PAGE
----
On this episode of Locus Focus we talk with journalist J.B. MacKinnon, author of THE ONCE AND FUTURE WORLD. We'll discuss how in order to reverse our damaging course, we need to remember nature as it was, reconnect to it as something meaningful in our lives, and begin to remake a wilder world.

Foreclosing the Future: The World Bank and the Politics of Environmental Destruction

Program: 
Locus Focus
Air date: 
Mon, 10/21/2013 - 10:15am - 11:00am
Short Description: 
how the World Bank is a microcosm of powerful forces that threaten the environment and social ruin.
World Bank President Jim Yong Kim has vowed that his institution will fight poverty and climate change, a claim that World Bank presidents have made for two decades. But if worldwide protests and reams of damning internal reports are any indication, too often it does just the opposite. By funding development projects and programs that warm the planet and destroy critical natural resources on which the poor depend, the Bank has been hurting the very people it claims to serve. On this episode of Locus Focus we talk with Bruce Rich, author of Foreclosing the Future: The World Bank and the Politics of Environmental Destruction, which depicts how the World Bank is a microcosm of global political and economic trends—powerful forces that threaten both environmental and social ruin.

WHAT HAS NATURE EVER DONE FOR US? HOW MONEY REALLY DOES GROW ON TREES

Program: 
Locus Focus
Air date: 
Mon, 10/14/2013 - 10:15am - 11:00am
Short Description: 
The economic and intrinsic value of natural systems with Tony Juniper

From Indian vultures to Chinese bees, nature provides the "natural services" that keep the economy going - as well as ecological balance. From the recycling miracles i the soil to an army of predators ridding us of unwanted pests, it has been estimated that these and other services each year are worth about double the global GDP. Yet we take most of Nature's services for granted, imagining them free and limitless - until they suddenly switch off.

On this episode of Locus Focus we talk with British environmentalist Tony Juniper, whose book What Has Nature Ever Done for Us? How Money Really Does Grow on Trees points out that if we realized the true economic as well as intrinsic value of nature, we would stop treating our natural systems in a destructive manner.

Audio

Glen Lamb and the Columbia Land Trust

program: 
Locus Focus
program date: 
Tue, 03/11/2008

Barbara Bernstein hosts "Post-Measure 49 Oregon, Part 2" with Glenn Lamb of the Columbia Land Trust (columbialandtrust.org). Learn what land trusts are, and how they can help save our environment. Find related information at the Land Trust Alliance (www.lta.org)

Sustainable Portland

Categories:
program: 
Locus Focus
program date: 
Tue, 03/04/2008

Host Barbara Bernstein spoke with Michael Armstrong, Deputy Director of the Office of Sustainability for the City of Portland about the greening of Portland.

Locus Focus with David Cole on Why America is Losing The War On Terror

program: 
Locus Focus
program date: 
Tue, 02/26/2008

Today on Locus Focus, Barbara Bernstein talks with David Cole, Professor of Law, Georgetown University; Co-Author, Less Safe, Less Free: Why America is Losing the War on Terror (TheNewPress.com); Legal Affairs Correspondent, The Nation; Co-Chair, Liberty and Security Initiative & Checks and Balances Initiative, Constitution Project.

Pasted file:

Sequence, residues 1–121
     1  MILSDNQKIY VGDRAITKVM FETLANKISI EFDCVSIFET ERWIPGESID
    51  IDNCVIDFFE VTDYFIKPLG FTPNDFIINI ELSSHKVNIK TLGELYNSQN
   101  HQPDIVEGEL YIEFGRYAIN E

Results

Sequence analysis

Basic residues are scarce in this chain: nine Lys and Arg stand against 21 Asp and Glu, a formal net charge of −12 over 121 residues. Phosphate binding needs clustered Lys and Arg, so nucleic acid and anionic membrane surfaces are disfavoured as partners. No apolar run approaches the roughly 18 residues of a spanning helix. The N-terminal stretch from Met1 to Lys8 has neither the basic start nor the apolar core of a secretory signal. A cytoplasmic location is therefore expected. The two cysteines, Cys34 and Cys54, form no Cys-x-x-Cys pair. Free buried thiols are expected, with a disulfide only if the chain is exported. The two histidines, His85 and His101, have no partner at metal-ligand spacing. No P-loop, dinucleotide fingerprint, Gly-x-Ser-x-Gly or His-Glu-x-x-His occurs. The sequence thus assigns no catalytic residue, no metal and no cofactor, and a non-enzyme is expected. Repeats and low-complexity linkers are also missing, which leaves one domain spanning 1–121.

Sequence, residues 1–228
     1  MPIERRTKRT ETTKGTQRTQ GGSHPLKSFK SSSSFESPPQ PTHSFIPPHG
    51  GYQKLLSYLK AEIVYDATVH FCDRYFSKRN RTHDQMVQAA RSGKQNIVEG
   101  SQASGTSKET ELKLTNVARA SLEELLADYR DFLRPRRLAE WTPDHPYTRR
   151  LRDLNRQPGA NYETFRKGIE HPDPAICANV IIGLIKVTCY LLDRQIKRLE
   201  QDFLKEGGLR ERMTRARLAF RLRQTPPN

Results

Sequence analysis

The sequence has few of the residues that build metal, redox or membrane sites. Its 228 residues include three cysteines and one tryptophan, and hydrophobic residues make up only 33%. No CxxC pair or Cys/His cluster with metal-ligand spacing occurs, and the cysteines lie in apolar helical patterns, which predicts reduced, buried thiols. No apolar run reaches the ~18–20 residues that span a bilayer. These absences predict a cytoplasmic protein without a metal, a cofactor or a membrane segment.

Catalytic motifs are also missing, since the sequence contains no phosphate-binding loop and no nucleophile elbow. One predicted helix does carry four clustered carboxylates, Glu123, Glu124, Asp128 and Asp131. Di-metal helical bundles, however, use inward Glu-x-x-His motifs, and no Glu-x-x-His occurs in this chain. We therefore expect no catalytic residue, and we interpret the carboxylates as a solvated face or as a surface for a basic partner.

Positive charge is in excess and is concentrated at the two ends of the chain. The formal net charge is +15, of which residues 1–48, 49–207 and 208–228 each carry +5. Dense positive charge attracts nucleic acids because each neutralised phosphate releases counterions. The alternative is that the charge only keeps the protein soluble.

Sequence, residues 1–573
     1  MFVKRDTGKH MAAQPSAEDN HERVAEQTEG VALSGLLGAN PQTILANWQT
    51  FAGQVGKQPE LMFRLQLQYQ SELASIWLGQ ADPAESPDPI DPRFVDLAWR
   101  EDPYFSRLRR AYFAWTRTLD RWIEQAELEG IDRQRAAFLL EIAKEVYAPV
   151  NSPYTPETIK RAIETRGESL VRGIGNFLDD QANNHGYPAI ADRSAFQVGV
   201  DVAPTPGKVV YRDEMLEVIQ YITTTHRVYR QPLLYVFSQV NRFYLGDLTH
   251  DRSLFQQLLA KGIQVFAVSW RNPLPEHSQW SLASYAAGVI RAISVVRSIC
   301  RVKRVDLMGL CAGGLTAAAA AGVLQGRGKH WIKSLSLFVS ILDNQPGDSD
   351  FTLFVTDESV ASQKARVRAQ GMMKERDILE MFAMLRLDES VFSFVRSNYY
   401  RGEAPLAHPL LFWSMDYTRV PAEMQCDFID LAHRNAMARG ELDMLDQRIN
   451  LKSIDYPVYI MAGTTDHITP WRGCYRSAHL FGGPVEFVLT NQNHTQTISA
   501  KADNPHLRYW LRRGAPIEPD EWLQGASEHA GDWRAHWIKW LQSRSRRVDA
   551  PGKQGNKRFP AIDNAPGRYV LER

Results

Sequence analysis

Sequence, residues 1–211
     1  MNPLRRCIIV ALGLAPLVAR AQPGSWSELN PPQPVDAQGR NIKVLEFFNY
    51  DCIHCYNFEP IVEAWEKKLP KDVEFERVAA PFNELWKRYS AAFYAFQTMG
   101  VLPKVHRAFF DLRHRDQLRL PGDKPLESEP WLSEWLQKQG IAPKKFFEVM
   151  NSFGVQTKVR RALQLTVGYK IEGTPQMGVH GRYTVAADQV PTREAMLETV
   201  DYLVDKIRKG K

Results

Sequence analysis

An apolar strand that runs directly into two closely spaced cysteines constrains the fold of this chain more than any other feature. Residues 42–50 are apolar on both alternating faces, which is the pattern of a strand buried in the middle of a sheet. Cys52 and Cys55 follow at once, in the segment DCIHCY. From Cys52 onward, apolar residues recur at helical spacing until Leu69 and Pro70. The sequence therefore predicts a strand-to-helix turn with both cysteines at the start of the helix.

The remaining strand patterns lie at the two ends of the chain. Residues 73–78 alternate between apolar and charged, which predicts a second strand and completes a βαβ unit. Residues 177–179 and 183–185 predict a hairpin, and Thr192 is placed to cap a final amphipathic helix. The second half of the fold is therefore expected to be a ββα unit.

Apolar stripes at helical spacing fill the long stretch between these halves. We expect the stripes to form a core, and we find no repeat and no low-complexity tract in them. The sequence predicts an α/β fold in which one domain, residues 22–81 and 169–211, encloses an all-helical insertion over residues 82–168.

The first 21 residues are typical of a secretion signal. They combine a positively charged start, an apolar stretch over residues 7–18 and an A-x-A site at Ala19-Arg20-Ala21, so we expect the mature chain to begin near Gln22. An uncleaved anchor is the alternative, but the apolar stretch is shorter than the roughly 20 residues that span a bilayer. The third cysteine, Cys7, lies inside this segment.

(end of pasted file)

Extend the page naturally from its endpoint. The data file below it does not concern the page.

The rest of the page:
They'll discuss the Protect America Act which expired over the weekend with Bush threatening, “Because Congress failed to act, it will be harder for our government to keep you safe from terrorist attacks.” House Democrats refused to hold a vote on the Senate-approved legislation that would permanently expand the government’s eavesdropping authority and give immunity to telecommunications companies that helped the government monitor conversations. Cole says the rule of law is an asset not an obstacle in the struggle to keep us safe and free, we have given up many freedoms in the name of security but we are not safer.

Bob Stacey on Life After Measure 49

program: 
Locus Focus
program date: 
Tue, 01/29/2008

Barbara Bernstein talks with Bob Stacey Executive Director of 1000 Friends of Oregon (www.friends.org) about the landscape of Oregon land use law in a post-Measure 49 world. Bob and Barbara will discuss the Big Look, the New Look and the Blueprint for Oregon's Future.

Carbon Trade Watch

program: 
Locus Focus
program date: 
Tue, 01/29/2008

Kevin Smith and Tamra Gilbertson, leading critics of international climate change policy and researchers with www.carbontradewatch.org will tell us what's wrong with carbon credits, how they do nothing to fight global warming, and even exacerbate the problem.

Peak Oil, Debt and the Economy

program: 
Locus Focus
program date: 
Tue, 01/15/2008

Per Fagereng hosts talk radio this morning with special guest, Kurt Liebezeit, a local Peak Oil Activist. Listen to Per and Kurt discus Peak Oil and the Economy, while fielding questions, opinions, and discussions with our listening audience.

Gray To Green - Storm Water Management

program: 
Locus Focus
program date: 
Tue, 01/08/2008

Host Barbara Bernstein invites Portland city officials onto her show to discuss the city's storm water management systems. Her guests today are Dean Marriott, Director of the Bureau of Environmental Services, and Lisa Libby, Sam Adams' Senior Environmental Policy Director. Questions were answered for the listening public, as well as plans for the future explained.

Comments

Global Warming

Barbara, I hope you might forward my comments to your guest. I was only able to listen to part of today's program but I am very interested. I want to raise my concerns about two prevailing frames that arise on your show and throughout serious discussion of climate change that I believe do great damage to the efforts to raise the awareness of the public and help them understand the urgency needed when addressing this issue.